Muslim birthrate worries Russia
MOSCOW -- Low domestic birthrates and rising immigration from the former Soviet republics are producing explosive growth in Russia's Muslim community, which is on a track to account for more than half the population by midcentury.
"Russia is going through a religious transformation that will be of even greater consequence for the international community than the collapse of the Soviet Union," said Paul Goble, a specialist on Islam in Russia and research associate at the University of Tartu in Estonia.
Two decades ago, the Sobornaya Mosque was the only Islamic house of worship allowed in the Soviet Union. It stood largely empty, filling only with the occasional large foreign delegation from an Islamic country.
Today, it is one of four mosques in Moscow serving a Muslim population of about 2.5 million. On Fridays and holy days, it overflows with worshippers, leaving many to kneel on newspapers outside, their foreheads pressed against the concrete.
As in many countries with growing Islamic populations, tensions are also on the rise. Many ethnic Russians fear their country is losing its traditional identity, while many Muslims are offended by widespread discrimination and a lack of respect for their faith.
Russia's Muslim community is extremely diverse, including Volga Tatars, the myriad ethnicities of the North Caucasus and newly arrived immigrants from Central Asia. But they all share birthrates that are far higher than Russia's ethnic Slavs, most of whom are Orthodox Christians.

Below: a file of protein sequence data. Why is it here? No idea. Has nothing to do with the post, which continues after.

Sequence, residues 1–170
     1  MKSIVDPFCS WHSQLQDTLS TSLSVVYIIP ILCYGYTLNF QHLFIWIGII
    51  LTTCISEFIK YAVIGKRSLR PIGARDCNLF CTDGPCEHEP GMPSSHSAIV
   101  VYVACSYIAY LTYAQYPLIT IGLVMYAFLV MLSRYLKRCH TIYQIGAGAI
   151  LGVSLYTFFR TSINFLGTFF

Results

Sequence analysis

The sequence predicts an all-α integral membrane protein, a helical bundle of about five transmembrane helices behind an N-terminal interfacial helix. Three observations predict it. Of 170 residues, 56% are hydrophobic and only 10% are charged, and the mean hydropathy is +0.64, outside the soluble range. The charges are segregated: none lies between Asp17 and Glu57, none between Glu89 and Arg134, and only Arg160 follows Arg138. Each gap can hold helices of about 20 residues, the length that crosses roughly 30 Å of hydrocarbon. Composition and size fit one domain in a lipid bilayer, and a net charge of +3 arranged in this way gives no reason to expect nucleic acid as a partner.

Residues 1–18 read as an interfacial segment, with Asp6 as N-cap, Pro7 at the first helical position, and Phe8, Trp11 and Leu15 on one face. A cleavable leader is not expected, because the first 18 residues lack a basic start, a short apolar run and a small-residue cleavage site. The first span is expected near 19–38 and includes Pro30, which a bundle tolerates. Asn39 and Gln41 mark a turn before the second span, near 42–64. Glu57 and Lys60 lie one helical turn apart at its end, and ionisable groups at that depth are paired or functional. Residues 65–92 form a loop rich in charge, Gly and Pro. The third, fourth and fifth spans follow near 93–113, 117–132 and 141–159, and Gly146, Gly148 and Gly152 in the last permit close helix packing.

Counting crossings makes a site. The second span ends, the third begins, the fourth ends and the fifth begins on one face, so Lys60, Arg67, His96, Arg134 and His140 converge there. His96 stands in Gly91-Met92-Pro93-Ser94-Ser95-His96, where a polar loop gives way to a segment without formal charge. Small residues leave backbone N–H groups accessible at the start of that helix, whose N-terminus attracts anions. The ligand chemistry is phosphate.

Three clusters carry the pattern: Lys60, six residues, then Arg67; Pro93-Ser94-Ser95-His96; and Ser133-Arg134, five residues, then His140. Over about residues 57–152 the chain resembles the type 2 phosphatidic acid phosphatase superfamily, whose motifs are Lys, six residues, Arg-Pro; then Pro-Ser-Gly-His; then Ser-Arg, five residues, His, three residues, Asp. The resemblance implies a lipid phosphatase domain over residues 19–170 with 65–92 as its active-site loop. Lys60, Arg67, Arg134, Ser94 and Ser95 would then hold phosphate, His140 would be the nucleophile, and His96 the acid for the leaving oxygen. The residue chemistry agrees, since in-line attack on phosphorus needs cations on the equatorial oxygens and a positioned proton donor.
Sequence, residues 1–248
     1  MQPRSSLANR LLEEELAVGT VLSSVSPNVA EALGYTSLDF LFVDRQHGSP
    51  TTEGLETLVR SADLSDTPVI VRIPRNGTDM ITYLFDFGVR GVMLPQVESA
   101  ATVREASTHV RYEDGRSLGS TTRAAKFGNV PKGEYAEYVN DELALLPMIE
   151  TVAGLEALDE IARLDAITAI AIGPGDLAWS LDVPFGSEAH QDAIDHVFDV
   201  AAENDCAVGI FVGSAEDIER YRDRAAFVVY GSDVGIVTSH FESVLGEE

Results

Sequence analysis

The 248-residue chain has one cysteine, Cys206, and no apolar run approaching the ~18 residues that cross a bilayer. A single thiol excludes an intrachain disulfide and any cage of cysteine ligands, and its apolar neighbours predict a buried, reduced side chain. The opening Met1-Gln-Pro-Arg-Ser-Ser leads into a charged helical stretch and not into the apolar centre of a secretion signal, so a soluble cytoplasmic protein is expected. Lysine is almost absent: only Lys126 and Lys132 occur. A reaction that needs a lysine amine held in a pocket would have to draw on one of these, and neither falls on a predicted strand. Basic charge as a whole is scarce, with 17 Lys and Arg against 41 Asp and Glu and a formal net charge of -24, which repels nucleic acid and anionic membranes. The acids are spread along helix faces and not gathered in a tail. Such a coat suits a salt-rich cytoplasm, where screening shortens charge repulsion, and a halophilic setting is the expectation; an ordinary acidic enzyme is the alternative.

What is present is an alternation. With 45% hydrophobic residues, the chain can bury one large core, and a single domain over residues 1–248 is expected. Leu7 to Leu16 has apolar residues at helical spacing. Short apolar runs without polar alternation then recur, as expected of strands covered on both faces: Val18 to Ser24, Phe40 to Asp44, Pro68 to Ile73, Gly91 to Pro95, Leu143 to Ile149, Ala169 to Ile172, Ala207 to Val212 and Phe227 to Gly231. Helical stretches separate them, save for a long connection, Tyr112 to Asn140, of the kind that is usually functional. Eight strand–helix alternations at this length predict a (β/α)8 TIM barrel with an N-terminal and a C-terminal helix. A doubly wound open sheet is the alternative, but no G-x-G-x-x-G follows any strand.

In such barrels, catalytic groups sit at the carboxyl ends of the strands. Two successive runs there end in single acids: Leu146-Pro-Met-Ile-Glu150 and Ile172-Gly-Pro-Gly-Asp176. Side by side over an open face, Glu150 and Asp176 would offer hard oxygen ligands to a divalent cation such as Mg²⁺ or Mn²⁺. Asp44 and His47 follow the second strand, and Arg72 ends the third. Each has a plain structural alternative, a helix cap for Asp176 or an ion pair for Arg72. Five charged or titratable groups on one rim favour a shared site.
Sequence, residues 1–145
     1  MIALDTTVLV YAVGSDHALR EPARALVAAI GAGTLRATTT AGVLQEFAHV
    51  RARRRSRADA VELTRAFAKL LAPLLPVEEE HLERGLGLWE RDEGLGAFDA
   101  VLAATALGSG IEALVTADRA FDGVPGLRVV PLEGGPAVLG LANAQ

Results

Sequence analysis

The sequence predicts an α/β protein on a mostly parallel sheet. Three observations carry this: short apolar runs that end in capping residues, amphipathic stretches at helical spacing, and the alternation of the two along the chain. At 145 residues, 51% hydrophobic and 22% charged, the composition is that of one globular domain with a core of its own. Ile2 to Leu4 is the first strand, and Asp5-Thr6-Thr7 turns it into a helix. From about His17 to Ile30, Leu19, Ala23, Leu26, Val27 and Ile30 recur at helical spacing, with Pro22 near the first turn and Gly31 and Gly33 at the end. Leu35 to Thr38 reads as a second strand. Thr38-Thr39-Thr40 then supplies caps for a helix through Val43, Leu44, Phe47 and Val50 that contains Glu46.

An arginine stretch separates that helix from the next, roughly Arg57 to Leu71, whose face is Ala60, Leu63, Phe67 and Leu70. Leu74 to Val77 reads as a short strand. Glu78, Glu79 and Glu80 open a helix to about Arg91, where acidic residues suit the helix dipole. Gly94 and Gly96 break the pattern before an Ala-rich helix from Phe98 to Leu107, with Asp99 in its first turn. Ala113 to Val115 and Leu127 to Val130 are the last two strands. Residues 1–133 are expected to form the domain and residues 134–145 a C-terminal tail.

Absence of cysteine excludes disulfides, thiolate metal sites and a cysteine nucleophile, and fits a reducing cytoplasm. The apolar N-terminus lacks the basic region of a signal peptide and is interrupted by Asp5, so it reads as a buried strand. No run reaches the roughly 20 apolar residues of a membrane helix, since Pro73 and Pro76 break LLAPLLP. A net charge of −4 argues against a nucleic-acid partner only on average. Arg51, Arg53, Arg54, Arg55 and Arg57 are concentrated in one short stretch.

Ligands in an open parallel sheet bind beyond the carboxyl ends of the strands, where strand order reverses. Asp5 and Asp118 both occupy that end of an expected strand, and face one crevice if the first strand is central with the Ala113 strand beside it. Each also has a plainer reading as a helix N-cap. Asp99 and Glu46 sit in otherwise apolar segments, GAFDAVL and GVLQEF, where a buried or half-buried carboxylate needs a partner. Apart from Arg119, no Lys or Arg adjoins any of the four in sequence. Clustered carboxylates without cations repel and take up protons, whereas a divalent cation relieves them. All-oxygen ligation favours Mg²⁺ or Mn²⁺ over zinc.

Russia's overall population is dropping at a rate of 700,000 people a year, largely because of the short life spans and low birthrates of ethnic Russians. According to the CIA World Factbook, the national fertility rate is 1.28 children per woman, far below what is needed to maintain the country's population of nearly 143 million. The rate in Moscow is even lower, at 1.1 children per woman.
Russia's Muslims, however, are bucking that trend. The fertility rate for Tatars living in Moscow is six children per woman, Mr. Goble said, while the Chechen and Ingush communities are averaging 10 children per woman. At the same time, hundreds of thousands of Muslims from Tajikistan, Uzbekistan and Kazakhstan have been flocking to Russia in search of work.